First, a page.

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Hullabaloo


Sunday, February 11, 2018

 

One nation, under Inc.

by Tom Sullivan


Monticello. Photo by Matt Kozlowski (October 2015) via Creative Commons.

Frank Bruni's New York Times headline writer wonders whether corporations are poised to inherit the earth.

Corporate visionaries seem to be taking up where dysfunctional government now falters. Elon Musk boldly goes where only governments have gone before, turning space into a junkyard for billionaires. The U.S. government having tied itself in knots in the process of mucking it up, Amazon, Berkshire Hathaway, and JPMorgan Chase have set themselves to solving the problem of delivering decent health care at an affordable price. Employees first.

Amazon and Google are considering creating universities to turn out future employees with the skills the companies need. They are filling a vacuum, says Chris Lehane, head of global policy for Airbnb, whose company capitalized on President Trump's “shithole countries” remark to promote travel to places he smeared.

"Nambia" did the same, advertising itself as “one of the best shithole countries out there."



Color Bruni skeptical of we the people conceding too much authority shareholders:

But companies’ primary concern isn’t public welfare. It’s the bottom line. I say that not to besmirch them but to state the obvious. Their actions will never deviate too far from their proprietary interests, and while tapping their genius and money is essential, outsourcing too much to them is an abdication of government’s singular role. What’s best for Amazon and what’s best for humanity aren’t one and the same.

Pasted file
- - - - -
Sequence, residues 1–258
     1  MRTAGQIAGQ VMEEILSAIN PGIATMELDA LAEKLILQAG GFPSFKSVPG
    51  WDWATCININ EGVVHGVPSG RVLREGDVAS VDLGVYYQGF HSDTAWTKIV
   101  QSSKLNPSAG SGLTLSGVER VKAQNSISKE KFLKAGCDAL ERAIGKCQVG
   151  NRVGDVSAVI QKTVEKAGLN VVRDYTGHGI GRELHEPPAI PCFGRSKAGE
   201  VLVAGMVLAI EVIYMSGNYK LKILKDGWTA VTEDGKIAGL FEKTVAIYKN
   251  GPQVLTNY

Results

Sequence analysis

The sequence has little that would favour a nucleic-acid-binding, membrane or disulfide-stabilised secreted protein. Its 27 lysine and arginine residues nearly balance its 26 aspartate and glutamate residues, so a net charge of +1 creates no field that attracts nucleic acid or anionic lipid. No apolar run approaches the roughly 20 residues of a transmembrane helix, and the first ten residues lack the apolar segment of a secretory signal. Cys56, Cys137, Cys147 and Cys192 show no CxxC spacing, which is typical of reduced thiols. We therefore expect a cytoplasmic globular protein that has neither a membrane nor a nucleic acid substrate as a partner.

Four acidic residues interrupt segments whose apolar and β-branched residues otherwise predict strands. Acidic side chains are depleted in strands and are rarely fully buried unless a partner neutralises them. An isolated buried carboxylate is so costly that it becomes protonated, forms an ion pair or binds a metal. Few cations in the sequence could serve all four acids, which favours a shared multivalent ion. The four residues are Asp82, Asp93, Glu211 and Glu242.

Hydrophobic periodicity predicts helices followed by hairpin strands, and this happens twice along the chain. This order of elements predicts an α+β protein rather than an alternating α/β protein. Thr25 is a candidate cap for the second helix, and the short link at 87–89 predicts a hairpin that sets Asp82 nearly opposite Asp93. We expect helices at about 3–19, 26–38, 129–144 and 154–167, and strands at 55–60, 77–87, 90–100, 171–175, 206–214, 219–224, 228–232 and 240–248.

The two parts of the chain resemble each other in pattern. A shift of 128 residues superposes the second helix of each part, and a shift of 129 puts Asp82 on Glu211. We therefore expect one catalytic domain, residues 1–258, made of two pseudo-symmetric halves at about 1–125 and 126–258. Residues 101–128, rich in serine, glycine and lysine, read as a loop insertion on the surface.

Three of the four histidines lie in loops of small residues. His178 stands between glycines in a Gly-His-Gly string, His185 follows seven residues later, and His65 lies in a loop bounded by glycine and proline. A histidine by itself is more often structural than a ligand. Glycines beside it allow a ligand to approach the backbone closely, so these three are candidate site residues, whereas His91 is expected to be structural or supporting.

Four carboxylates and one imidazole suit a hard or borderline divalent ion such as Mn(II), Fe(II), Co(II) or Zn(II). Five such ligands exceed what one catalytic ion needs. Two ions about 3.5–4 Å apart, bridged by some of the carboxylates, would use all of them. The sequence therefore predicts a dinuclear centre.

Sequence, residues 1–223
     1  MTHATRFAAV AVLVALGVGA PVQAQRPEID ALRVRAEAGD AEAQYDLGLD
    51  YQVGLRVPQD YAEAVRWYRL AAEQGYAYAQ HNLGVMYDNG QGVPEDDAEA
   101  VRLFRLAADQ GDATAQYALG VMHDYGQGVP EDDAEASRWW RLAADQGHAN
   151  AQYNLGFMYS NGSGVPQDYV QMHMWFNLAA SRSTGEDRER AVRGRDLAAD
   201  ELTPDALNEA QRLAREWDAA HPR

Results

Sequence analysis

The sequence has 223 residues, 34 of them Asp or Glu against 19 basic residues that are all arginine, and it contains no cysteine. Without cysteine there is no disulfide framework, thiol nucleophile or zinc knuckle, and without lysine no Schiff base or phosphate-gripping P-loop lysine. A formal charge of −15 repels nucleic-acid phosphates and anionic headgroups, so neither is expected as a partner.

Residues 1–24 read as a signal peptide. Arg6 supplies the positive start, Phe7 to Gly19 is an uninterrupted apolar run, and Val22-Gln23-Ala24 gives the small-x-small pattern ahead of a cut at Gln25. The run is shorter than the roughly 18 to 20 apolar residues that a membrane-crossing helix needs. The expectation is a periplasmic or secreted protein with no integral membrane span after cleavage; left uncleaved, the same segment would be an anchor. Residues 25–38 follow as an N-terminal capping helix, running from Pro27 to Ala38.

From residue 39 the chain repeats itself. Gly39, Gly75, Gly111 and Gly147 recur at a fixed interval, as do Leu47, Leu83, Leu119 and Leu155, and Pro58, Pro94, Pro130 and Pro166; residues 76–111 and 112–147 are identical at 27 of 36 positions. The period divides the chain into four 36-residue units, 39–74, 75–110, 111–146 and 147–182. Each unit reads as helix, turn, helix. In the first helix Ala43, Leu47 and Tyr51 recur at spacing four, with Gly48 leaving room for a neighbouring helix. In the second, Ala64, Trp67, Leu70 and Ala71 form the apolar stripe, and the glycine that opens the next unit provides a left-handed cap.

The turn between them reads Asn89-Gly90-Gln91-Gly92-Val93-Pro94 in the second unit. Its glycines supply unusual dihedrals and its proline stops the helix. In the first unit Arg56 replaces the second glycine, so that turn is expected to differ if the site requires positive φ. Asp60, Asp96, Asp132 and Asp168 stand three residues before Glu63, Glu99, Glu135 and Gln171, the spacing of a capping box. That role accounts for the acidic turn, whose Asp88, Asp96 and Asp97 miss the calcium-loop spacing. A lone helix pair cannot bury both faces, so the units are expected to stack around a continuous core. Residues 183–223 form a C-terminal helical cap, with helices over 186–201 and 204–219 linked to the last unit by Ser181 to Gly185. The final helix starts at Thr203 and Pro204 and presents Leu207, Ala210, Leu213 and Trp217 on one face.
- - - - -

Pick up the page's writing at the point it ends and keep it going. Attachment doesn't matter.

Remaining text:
Lawrence Summers, the economist and former Treasury secretary, says that corporations might see no point in teaching Shakespeare. But shouldn’t Shakespeare be taught? Corporations might find cunning answers to the transportation woes of their own employees. But would that necessarily improve the lot of people working and living elsewhere?

“Whether they do it in the collective interest or in their own is very much in question,” Summers told me. “I use as a parable for a lot of things what happens in developing countries, where the urban electric system doesn’t work well, and therefore the businesses start building their own generators to take care of themselves, and therefore there’s no longer a constituency or pressure to fix the existing electricity system, and meanwhile the society is falling apart.”
It only takes a slight shift in perspective to see that happening here.

America is an idea as much as a place and a people. That idea is under attack. The idea of public education for the enlightenment of its citizens, not just to make them fit technicians for profit-generating enterprises, has been abandoned by leaders more committed to profit and power than to the notion of e pluribus unum. What's good for General Motors or Elon Musk is not what's good for America except by accident. Let us hope there is enough of Jefferson left in this country to prevent a catastrophic one.

"If a nation expects to be ignorant and free in a state of civilization, it expects what never was and never will be." --Thomas Jefferson to Charles Yancey, 1816. ME 14:384

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